Research Market strategy
By Swissquote Analysts
Published on 06.12.2022
Morning news

Credit Suisse’s Investment Bank Spinoff Attracts Saudi Crown Prince

Topic of the day

Saudi Arabia’s crown prince and a U.S. private-equity firm run by Barclays PLC’s former chief executive are among investors preparing to invest $1 billion or more into Credit Suisse’s new investment bank, people familiar with the matter said. Crown Prince Mohammed bin Salman is considering an investment of around $500 million to back the new unit, CS First Boston, and its CEO-designate, Michael Klein, some of the people said. Additional financial backing could come from U.S. investors including veteran banker Bob Diamond ‘s Atlas Merchant Capital, people familiar with that potential investment said. Credit Suisse previously said it had $500 million committed from an additional investor it hasn’t named. Credit Suisse has received a number of proposals from investors interested in CS First Boston. Credit Suisse Chairman Axel Lehmann at a conference on Thursday said it has other firm commitments in addition to the $500 million from the unnamed investor. The bank hasn’t received a formal proposal from any Saudi entity, some of the people familiar with the matter said.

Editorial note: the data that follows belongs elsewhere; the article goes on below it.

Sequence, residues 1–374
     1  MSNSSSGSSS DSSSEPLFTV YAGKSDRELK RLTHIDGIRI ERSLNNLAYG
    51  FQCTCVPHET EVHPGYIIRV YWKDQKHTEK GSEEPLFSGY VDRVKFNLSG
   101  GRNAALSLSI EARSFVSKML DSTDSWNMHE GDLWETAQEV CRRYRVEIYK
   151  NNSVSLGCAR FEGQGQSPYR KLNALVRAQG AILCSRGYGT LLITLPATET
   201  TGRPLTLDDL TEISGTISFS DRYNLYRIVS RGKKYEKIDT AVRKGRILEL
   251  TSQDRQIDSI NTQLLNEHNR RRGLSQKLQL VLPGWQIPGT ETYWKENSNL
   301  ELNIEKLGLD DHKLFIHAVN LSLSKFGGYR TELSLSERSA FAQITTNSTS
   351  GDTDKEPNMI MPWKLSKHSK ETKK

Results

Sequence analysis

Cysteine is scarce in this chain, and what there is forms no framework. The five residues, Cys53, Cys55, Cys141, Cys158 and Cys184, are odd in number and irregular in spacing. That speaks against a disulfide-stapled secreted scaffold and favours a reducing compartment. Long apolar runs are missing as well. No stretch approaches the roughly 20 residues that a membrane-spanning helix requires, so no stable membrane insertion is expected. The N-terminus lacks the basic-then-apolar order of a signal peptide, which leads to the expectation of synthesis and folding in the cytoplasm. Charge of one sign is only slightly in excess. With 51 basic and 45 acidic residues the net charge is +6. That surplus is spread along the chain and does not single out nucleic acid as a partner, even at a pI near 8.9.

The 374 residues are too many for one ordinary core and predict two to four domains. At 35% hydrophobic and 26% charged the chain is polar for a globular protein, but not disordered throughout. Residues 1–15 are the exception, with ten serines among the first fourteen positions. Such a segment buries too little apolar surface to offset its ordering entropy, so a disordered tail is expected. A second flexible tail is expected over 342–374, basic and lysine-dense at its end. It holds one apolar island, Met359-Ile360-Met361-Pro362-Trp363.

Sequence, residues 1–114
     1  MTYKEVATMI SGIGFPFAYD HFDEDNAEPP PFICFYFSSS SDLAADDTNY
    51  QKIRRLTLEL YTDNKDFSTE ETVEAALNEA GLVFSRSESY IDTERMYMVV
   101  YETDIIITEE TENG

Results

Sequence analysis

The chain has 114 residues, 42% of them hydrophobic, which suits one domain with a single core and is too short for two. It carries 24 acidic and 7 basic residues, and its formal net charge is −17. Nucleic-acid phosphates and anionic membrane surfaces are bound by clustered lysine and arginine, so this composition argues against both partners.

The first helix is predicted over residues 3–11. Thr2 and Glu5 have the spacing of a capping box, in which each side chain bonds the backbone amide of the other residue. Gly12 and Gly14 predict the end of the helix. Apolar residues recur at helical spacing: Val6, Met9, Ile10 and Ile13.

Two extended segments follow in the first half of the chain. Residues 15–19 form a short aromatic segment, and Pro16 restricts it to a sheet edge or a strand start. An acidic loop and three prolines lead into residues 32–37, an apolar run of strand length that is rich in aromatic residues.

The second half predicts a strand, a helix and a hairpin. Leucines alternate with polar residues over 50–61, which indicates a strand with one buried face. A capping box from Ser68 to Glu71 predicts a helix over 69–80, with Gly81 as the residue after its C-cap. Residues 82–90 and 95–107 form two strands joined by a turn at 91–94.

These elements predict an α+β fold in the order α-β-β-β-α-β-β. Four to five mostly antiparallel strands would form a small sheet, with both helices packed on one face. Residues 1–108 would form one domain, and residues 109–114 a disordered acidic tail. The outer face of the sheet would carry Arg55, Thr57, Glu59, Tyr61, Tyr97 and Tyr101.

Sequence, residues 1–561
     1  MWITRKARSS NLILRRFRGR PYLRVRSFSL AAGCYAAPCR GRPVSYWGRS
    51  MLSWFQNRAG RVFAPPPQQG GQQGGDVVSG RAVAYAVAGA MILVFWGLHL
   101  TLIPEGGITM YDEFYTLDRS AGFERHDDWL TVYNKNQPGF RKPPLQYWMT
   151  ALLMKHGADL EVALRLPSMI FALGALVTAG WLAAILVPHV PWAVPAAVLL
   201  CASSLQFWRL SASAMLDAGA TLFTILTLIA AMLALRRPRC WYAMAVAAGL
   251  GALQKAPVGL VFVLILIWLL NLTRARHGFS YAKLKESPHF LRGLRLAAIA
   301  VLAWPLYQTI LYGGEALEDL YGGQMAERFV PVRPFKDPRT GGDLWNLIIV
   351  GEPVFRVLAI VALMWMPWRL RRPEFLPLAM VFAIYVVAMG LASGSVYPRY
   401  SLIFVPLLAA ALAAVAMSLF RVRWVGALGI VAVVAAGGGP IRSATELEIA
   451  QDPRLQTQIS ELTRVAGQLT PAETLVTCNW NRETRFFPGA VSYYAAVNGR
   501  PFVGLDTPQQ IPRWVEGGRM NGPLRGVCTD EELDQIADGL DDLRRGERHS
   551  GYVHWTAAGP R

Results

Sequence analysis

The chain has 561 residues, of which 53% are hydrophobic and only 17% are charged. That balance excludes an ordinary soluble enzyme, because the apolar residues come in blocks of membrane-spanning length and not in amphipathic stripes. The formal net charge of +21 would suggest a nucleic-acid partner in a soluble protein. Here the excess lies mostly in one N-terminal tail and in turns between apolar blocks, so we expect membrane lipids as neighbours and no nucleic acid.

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Swiss stocks

The Switzerland stock market ended flat on Monday after swinging between gains and losses in cautious trade. Worries about economic slowdown and uncertainty about the outlook for Federal Reserve's interest rate weighed on sentiment. The benchmark SMI ended with a loss of 3.46 points or 0.03% at 11,194.67. The index moved in a tight band, scaling a low of 11,170.93 and a high of 11,239.76 intraday. Logitech, Sonova, Givaudan, Sika and Geberit lost 1.42 to 1.83%. Nestle ended 1.6% down after the Swiss FMCG company announced that it will restrict its marketing of high sugary products to kids under the age of 16. Alcon, Lonza Group and Partners Group ended lower by 1.1 to 1.22%. Credit Suisse rallied 2.85%. Novartis advanced nearly 2% after the pharmaceutical company said a prostate treatment that delivers radiation to specifically targeted cancer cells helped patients in a study that will be used for U.S. regulatory approval. UBS Group climbed 1.68%, while Swiss Re ended nearly 1% up. Roche Holding and Swiss Life Holding posted modest gains. In the Mid Price Index, Barry Callebaut ended more than 3% down. AMS, Straumann Holding, Lindt & Spruentli, Temenos Group and Georg Fischer lost 2 to 2.7%. Adecco, Bachem Holding, Schindler PS and Schindler Holding also ended notably lower. VAT Group ended stronger by about 2.4%. Zur Rose climbed nearly 2%, while Tecan Group and PSP Swiss Property gained 0.73% and 0.66%, respectively.

International markets